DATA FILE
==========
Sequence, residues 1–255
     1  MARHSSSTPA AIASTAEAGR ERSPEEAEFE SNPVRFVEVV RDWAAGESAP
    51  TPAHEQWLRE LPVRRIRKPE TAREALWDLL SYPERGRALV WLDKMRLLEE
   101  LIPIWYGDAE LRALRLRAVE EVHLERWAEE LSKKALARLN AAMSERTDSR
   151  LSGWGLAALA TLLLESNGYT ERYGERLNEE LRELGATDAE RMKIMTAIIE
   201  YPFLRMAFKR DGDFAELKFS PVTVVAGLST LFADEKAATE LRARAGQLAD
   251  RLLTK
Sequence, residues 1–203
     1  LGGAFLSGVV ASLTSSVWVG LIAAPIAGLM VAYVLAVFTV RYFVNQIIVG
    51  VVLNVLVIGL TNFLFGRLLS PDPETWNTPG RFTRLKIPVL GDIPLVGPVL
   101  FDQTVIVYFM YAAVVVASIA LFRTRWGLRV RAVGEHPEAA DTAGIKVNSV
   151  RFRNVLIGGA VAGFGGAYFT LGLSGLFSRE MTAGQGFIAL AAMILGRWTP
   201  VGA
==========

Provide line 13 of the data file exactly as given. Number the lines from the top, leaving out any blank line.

   201  VGA